IBM Systems Magazine, Mainframe - November/December 2016 - L12
can immediately do some work,
allowing you to get more out
of the core.
On the z13*, our latest
machine, each of the cores can
split into two so-called hardware
threads. OS tasks can be loaded
on one of those threads. To the
OS, these hardware threads look
exactly like a logical CPU, so the
OS knows how to deal with it.
The two logical CPUs share the
hardware resources of the core. If
both of them are running at the
same time, they share to such an
extent that each of the hardware
threads will be slower than a single task running on the core. But
in combination, they are faster.
That's the goal of MT. A machine
can have multiple cores, and
each of the cores has two CPUs
defined and can run two things
on each core.
ISM: Do all workloads benefit
MS: We recommend that our
clients test their workloads with
and without MT. The best thing
to do is try MT on your system.
Throw the workload on the
machine with and without MT to
see what happens.
One general rule to help determine if a workload would benefit
from MT is underutilization of
the processor resources when
running a single task. A second
thread can then fill the gaps left
by the first thread.
Negative indicators also
exist. If some core resources
are sparse, MT won't benefit
the workload. For example,
if one thread needs all of the
translation lookaside buffers,
loading two threads on the core
will cause fights over resources.
Poor scaling of the application
is the biggest negative indicator,
as adding MT will only make the
ISM: What are extended Berkeley Packet Filter (eBPF)
and non-uniform memory access (NUMA) emulation for
kernel-based VM (KVM)? How do they benefit clients?
MS: The original BPF was a simple language
interpreted by the kernel that was limited to 32bit registers and a small set of instructions. The
concept is found on a lot of UNIX-like OSes and was
originally used to filter networking packets.
eBPF is the latest version of BPF. It has 64-bit
registers and a few more instructions to make it
more versatile. The eBPF program returns a yes or
no answer to a data query, and you can use it for all
kinds of filtering. The IT community has started to
find new use cases for the eBPF, such as trace-event
filtering, which uses trace points in the kernel to
find performance problems.
Even more interesting is system-call filtering
where a BPF program is used to filter the system
calls issued by a user program. This is interesting
for Docker. You can use system-call filtering based
on eBPF to limit what your Docker image can do.
NUMA emulation is a tool for system scaling for
very large systems-particularly if you're running
a KVM host. A large system can have up to 10 TB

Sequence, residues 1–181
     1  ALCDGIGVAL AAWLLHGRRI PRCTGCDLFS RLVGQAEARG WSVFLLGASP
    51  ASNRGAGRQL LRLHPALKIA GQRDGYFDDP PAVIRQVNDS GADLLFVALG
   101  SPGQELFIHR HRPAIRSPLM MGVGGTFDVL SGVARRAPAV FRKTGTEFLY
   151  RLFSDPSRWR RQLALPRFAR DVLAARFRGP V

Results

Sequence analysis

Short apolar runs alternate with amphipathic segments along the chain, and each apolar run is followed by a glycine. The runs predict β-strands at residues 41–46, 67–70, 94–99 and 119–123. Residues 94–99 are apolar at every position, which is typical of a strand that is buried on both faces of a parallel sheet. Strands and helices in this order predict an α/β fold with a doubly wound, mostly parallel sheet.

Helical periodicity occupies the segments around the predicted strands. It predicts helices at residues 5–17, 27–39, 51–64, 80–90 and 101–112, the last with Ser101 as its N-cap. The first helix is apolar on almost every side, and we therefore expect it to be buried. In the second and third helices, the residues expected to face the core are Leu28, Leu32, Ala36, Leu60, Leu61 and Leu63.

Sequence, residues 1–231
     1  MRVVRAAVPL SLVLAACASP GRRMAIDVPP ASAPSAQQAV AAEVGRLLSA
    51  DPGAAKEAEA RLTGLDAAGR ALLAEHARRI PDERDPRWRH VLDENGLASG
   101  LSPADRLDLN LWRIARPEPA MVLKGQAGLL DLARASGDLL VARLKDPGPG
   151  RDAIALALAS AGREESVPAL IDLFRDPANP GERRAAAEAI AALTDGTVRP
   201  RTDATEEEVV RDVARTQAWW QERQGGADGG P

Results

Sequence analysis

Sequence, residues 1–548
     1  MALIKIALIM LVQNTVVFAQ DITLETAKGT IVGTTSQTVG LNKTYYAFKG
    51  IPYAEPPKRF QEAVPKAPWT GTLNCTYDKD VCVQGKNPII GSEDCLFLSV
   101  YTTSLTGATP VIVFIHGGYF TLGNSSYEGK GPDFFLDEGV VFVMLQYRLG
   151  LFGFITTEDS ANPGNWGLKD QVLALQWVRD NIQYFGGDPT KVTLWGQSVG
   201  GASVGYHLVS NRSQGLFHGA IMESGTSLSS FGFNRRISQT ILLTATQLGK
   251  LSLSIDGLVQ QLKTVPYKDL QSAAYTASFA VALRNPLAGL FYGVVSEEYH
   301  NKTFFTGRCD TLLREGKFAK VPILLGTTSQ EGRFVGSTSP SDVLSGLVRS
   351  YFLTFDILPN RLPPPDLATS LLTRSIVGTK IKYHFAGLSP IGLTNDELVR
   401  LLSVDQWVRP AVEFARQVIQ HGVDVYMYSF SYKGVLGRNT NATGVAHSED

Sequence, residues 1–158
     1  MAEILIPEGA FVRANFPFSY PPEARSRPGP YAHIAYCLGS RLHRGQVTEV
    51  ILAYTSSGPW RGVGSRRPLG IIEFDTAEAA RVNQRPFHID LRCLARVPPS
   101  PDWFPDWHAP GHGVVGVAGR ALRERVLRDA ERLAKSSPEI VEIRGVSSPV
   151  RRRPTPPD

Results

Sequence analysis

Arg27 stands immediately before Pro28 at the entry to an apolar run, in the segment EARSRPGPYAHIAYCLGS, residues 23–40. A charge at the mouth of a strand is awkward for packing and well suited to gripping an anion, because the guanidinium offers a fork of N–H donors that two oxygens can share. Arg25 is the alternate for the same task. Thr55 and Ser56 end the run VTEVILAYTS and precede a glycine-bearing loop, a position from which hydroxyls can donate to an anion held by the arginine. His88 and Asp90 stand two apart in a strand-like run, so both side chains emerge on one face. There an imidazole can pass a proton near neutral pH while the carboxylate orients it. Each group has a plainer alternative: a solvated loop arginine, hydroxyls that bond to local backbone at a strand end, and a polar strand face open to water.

of memory and 141 cores. With such a system,
a single memory node is used by all of the CPUs
working in memory management. As a result,
points of contention often exist.
A simple way to ease these problems is to artificially split the memory into multiple nodes. With
NUMA emulation, you can split the memory into
a number of fake nodes (e.g., eight units of 1.25
TB each). The advantage is that some of the data
structures are duplicated. Each of the memory
nodes now has its own set of locks, so the contention points are reduced. Each of the nodes has
a kswap daemon, which is a background process
used for housekeeping that makes sure enough
memory is free. NUMA emulation was invented for
KVM as a host because of the
issues with paging performance.
Our performance analysis shows
NUMA emulation results are
mixed. More work must be done
for the scalability of large systems.
ISM: What advantages do IBM z
clients receive by running Docker?
MS: Docker is a step-up approach
for software development and
rapid application deployment.
You manage images by using a
version control system. If done
right, you have resource sharing
among the Docker instances of
specific images. Overall, you
get a virtual container, which is
something less than a VM.
Docker provides container
management systems for images
and the capability to share these
images with the registry. Docker
looks and feels the same on
Linux on z Systems as it does on
x86, except x86 has more prebuilt images. The advantage of
running Docker on z Systems is
that you're running on the most
ISM: Could you talk about the
supported Linux distributions-
Red Hat, SUSE and Ubuntu? What
capabilities do they bring to
MS: Without these distributors,
Linux on z Systems wouldn't
exist because they build things
12 // NOVEMBER 2016 Linux on z Systems
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